Yi-Fen Chou, the Welfare Queen of American Poetry

reganBecause it’s broadly related to Chinese poetry as understood in English, I wrote something about the recent Best American Poetry controversy, published at Drunken Boat, titled “Yi-Fen Chou: Michael Derrick Hudson and/or Ronald Reagan.”

Here’s an excerpt:

Ezra Pound’s “The River-Merchant’s Wife: A Letter” is a translation of a poem by medieval Chinese poet Li Bai 李白, and was part of the redefinition of Chinese poetry and Chinese culture in English in the early twentieth century. The Love Poems of Marichiko, presented as translations of young Japanese woman’s poetry but which Rexroth admitted to writing after he was nominated for a translation prize, were an attempt at an imagined empathy with a cultural other, the poems narrating a passion with an unknown lover that dissolves boundaries as the passion dissolves as well. And the Araki Yasusada phenomenon undermined our prevailing notions of authorship to expose and critique the cultural double standards at work in the American poetry industry. Yi-Fen Chou, on the other hand, looks motivated by a desire to take advantage of the prevailing notions of authorship and our double standards in the American poetry industry. And this is why I’m thinking of Ronald Reagan.

The Reagan era was when American poetry of all stripes turned inward, as if mirroring not only the government’s xenophobia, but its configuring of trade into a neo-liberal assertion of American dominance, now called globalization. Not that American foreign policy before Reagan had been anything to be proud of, but poets had responded to the Vietnam War by translating more (as they would in the Bush II era, reacting against war by increasing their curiosity about the outside world); in the years afterward the Me Decade took over American poetry, as well, and American poets wrote best about their own personal me. Hudson says “he did briefly consider trying to make Yi-Fen into a ‘persona’ or ‘heteronym’ à la Fernando Pessoa, but nothing ever came of it.” That, at least, would have been interesting, and related his pseudonym to his poetry. As is, both his lack of interest in engaging with the culture he names and his use of a minority name to get published make him the poetic equivalent of the domestic and international policies of the Reagan presidency.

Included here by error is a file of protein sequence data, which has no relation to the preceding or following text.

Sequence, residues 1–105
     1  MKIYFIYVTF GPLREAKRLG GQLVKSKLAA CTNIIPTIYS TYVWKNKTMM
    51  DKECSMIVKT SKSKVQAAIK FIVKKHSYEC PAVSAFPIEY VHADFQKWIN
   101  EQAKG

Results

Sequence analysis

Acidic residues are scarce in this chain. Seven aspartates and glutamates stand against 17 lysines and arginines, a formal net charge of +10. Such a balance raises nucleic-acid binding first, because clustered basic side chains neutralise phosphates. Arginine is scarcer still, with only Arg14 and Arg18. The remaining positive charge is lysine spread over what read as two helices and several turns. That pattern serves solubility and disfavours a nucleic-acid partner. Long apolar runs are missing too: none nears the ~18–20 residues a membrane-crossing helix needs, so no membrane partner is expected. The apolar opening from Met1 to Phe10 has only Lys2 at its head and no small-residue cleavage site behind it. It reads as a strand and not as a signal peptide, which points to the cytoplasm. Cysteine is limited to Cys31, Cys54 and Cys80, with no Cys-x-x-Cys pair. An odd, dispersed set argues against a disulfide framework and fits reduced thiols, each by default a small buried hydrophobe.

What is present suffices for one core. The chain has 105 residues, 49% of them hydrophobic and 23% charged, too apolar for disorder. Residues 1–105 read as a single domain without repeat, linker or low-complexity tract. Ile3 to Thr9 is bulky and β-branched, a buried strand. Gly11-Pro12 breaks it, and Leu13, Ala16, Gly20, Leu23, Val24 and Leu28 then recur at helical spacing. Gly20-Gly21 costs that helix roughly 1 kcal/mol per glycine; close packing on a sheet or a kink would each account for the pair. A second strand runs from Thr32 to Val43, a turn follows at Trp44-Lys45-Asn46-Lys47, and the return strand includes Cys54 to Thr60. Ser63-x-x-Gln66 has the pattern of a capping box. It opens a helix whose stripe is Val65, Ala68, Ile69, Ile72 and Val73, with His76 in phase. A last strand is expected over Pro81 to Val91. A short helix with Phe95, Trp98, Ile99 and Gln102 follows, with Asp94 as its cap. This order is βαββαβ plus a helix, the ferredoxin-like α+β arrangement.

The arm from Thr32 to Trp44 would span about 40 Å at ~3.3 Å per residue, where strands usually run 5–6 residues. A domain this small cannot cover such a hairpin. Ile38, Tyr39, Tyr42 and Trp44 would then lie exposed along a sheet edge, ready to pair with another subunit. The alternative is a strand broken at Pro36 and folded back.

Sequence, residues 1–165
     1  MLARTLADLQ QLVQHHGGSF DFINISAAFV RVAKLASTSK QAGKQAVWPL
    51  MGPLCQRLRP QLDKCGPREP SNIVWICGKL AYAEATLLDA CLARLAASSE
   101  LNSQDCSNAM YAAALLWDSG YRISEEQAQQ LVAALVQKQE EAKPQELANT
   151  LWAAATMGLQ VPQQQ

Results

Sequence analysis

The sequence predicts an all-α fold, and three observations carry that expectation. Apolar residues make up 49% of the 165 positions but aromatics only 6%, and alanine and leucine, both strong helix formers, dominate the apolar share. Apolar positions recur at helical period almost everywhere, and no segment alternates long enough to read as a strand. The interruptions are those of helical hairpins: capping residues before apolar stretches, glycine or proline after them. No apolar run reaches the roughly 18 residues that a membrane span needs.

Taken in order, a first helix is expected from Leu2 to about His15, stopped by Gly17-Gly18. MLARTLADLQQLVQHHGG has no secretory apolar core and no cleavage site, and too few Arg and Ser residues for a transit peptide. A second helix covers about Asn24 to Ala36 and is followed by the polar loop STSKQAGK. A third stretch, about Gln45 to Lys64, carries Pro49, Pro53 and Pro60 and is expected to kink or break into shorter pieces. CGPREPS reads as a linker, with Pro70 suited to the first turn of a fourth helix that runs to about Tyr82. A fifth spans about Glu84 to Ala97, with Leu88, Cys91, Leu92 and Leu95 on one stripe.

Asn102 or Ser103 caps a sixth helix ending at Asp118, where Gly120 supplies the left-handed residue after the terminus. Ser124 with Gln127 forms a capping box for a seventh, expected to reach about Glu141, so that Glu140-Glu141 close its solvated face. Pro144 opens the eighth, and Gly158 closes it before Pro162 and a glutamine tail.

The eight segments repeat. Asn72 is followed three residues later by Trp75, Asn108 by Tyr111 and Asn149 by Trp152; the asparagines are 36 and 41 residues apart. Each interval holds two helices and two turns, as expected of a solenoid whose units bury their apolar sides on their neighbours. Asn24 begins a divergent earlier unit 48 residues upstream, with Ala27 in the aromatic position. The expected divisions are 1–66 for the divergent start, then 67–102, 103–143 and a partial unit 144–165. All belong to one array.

Click the image above for the full piece.

Almost Island Winter 2012

The Winter 2012 issue of Almost Island is finally here, featuring an essay Xi Chuan wrote in English titled “Style Comes as a Reward,” his prose poem “What the Tang Did Not Have” 唐朝所沒有的 in my translation, and my translation of “The Original Way” 原道 by Tang Dynasty man of letters Han Yu 韓愈 (768 – 824), which should be provocative on its own but also provides some historical context for Xi Chuan’s prose poem.

The issue also includes poetry by Amanda Berenguer translated by Kent Johnson, an essay by Ravi Shankar titled “The Geology and Physics of Style,” new poems by Stephen Burt, and more.